New Jersey Governor Phil Murphy signed two new energy bills to significantly advance New Jersey’s clean energy economy. Signed into law on May 23rd, the legislature is intended to stabilize and grow New Jersey’s renewable energy sector, and extend the cost-saving benefits of solar to more families, communitiesand businesses throughout the Garden State.
As we have discussed in previous blogs, certain states have been asserting themselves as clean energy leaders due to policy choices and implementation. New Jersey's new legislation will create jobs, cut pollution, and set the state on a path to becoming a national clean energy leader. The bill will bolster the state’s clean energy economy and benefit NJ's citizens by implementing new renewable energy goals. The clean energy bill also includes requirements for new energy-efficiency standards, solar energy credits, a new ability for neighborhoods to invest in community solar energy projects.
States like California and New York currently hold the most impressive renewable energy portfolios. However, due to the push away from fossil fuels, many governors are committing to promoting policy to support a clean energy economy. New Jersey, a member of the U.S. Climate Alliance, is now committing to their pledge. Having made environmental issues a focus of both his campaign and his early tenure, Gov. Murphy has already signed many executive orders, including one that laid the groundwork for expanding offshore wind energy near Atlantic City. But now, it's solar's time to shine.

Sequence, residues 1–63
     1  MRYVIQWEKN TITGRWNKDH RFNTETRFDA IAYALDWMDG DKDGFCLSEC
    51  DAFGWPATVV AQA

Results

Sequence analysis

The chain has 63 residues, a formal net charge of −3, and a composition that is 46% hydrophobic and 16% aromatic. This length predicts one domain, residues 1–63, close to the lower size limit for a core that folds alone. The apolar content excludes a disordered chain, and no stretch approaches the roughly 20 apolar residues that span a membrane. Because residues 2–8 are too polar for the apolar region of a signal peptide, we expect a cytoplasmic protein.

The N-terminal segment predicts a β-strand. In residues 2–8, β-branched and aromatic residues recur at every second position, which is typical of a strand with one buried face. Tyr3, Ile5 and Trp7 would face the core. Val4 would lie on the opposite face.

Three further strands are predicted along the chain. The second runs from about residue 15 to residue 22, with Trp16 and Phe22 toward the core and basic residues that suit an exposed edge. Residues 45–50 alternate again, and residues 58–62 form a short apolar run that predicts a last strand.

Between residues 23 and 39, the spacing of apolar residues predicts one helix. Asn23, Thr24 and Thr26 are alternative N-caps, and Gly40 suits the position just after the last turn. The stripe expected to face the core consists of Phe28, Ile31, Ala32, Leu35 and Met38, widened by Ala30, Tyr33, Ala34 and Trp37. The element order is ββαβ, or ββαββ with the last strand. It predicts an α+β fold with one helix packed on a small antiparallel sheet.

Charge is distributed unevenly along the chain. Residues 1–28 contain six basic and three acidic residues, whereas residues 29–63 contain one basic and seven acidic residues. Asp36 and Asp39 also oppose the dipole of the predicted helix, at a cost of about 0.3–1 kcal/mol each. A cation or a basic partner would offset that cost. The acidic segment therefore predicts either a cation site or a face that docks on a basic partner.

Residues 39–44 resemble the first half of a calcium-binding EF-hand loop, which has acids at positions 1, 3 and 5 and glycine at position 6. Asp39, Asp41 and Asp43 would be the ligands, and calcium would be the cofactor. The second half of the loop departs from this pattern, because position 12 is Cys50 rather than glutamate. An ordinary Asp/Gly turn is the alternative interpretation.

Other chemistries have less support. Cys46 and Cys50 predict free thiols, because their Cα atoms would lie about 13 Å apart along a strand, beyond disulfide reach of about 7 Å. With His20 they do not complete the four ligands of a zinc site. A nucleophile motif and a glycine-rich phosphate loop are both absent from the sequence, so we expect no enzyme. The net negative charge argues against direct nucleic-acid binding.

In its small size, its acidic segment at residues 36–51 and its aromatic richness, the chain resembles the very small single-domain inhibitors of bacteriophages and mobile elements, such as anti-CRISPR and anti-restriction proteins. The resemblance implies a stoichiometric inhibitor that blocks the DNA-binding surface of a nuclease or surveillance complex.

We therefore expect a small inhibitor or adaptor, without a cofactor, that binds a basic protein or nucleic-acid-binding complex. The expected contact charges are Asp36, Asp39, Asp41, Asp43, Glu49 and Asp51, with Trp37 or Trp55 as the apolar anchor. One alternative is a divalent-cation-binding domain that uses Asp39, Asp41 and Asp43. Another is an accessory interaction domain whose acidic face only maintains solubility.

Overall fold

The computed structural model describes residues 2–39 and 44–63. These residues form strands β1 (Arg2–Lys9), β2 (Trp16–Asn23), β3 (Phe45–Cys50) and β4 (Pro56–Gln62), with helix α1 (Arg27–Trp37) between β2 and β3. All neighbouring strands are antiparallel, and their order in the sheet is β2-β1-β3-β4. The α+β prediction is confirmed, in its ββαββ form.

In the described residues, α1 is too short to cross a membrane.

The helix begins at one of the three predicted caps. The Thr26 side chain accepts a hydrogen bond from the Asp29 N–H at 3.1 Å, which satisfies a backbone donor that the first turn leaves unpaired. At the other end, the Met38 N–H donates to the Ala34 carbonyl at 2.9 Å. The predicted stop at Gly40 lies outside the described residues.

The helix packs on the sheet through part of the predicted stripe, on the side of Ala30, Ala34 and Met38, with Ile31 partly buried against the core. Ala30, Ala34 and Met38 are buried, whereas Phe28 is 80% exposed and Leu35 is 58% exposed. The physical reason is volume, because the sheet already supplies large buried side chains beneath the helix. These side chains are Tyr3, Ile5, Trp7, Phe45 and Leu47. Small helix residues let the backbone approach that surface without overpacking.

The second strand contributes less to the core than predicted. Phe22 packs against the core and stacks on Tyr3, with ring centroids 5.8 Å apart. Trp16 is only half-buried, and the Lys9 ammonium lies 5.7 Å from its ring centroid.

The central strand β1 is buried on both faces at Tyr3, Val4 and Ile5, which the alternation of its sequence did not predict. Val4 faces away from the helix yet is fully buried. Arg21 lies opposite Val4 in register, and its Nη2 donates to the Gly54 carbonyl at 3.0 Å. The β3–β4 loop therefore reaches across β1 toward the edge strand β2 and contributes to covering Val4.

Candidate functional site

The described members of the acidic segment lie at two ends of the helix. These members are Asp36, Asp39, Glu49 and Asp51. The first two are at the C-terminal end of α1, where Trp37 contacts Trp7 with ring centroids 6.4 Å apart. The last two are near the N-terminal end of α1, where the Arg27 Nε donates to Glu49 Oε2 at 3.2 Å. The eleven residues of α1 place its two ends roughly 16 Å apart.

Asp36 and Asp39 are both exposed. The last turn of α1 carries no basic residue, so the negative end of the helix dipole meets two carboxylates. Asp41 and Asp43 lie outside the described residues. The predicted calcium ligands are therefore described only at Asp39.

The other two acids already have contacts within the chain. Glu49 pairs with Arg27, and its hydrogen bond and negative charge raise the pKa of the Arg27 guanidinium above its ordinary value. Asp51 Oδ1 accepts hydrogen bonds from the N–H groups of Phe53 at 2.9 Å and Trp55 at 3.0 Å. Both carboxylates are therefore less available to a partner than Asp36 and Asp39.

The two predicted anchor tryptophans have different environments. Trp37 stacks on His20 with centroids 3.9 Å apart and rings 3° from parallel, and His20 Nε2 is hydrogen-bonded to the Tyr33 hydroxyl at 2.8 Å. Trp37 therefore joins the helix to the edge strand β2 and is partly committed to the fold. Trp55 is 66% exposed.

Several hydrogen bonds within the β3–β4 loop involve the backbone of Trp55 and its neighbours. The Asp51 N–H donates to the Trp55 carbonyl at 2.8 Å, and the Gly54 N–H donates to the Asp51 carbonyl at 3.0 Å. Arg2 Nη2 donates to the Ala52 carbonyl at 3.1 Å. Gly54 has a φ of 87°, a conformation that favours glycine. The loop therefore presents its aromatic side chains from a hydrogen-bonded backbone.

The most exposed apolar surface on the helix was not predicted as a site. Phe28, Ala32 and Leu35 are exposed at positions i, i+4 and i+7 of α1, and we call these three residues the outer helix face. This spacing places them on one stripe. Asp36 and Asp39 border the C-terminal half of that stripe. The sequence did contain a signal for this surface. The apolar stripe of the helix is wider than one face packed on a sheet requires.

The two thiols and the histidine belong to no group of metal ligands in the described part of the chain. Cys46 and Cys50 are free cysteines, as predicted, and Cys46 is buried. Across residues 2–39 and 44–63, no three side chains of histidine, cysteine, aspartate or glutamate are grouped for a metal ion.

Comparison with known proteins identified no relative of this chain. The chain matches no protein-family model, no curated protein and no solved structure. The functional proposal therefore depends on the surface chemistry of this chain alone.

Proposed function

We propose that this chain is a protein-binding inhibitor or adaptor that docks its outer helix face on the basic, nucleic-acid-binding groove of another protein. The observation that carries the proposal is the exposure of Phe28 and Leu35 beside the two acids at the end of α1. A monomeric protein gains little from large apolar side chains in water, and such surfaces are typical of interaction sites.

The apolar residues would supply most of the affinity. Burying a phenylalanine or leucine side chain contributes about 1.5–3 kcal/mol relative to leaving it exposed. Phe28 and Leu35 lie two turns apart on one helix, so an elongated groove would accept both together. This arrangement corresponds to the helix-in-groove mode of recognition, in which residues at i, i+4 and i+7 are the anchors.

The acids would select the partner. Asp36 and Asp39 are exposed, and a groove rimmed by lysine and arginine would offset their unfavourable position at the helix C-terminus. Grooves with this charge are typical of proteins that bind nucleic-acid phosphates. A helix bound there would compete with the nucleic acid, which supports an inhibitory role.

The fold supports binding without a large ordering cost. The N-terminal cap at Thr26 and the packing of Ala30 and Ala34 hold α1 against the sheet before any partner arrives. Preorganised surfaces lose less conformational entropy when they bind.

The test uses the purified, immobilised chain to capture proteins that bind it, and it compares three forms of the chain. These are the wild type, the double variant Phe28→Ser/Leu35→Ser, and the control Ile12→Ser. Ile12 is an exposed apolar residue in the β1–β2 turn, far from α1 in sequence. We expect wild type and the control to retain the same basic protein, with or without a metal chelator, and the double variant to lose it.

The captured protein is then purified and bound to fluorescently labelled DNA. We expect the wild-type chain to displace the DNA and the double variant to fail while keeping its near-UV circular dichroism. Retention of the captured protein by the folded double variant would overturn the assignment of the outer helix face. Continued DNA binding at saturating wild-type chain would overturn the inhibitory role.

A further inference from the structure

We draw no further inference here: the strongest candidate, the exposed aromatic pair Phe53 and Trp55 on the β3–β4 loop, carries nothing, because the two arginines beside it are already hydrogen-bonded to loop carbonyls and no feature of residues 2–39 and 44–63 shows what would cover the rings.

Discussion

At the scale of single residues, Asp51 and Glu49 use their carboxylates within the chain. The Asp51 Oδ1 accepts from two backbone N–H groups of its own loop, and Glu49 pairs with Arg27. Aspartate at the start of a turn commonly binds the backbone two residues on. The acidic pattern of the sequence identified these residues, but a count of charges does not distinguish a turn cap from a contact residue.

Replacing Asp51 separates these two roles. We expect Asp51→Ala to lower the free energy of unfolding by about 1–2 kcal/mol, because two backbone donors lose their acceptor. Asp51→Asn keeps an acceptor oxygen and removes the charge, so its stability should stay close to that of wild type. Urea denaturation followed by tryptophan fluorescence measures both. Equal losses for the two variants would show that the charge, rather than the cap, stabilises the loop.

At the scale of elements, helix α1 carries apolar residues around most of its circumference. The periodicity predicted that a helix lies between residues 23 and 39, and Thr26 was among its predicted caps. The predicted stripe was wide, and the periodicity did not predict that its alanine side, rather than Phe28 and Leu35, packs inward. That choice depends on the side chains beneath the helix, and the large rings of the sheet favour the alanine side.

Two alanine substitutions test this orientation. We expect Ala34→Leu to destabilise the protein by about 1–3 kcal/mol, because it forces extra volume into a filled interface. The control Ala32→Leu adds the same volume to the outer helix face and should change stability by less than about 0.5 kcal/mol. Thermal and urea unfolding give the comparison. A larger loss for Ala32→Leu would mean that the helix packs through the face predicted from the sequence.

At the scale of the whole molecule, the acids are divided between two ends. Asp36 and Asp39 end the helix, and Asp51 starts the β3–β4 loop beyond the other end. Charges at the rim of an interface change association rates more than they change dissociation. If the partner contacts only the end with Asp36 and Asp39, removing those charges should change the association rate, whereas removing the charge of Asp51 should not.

The central piece of legislation, Assembly Bill 3723, sets NJ's new renewable energy goal with emphasis on wind and solar energy, with a goal of 35% renewables by 2025 and eventually 50% by 2030. It also requires generators to source an increasing amount of their electricity from behind-the-meter solar, to reach 5.1% by 2021— the most ambitious target for distributed solar currently in place in the U.S.
In addition to renewable portfolio standards, the bill also schedules the closure of the state’s Solar Renewable Energy Credit (SREC) program in 2021 to be replaced by a more effective incentive policy. Also, a test run will be set forth for a more integrative community solar program with plans of full implementation within the next three years. Lastly, the bill sets a target for the state to reach 600 MW of energy storage by 2021 and 2 GW by 2030. In previous blogs, we have discussed the necessity of energy storage for solar development. Overall, this comprehensive bill includes the necessary elements to increase NJ's already operating solar industry.
Although the legislature is new, the Garden State's interest in solar is not. Even four years ago, in 2014, NJ was ranked on SEIA's top 10 "Solar States". Following these commitments made in Bill 3723, New Jersey could be on its way to becoming a national clean energy and solar leader. With a population of over 9 million and one of the largest U.S.state economies, there is no doubt that this legislature will be impactful beyond NJ's state border.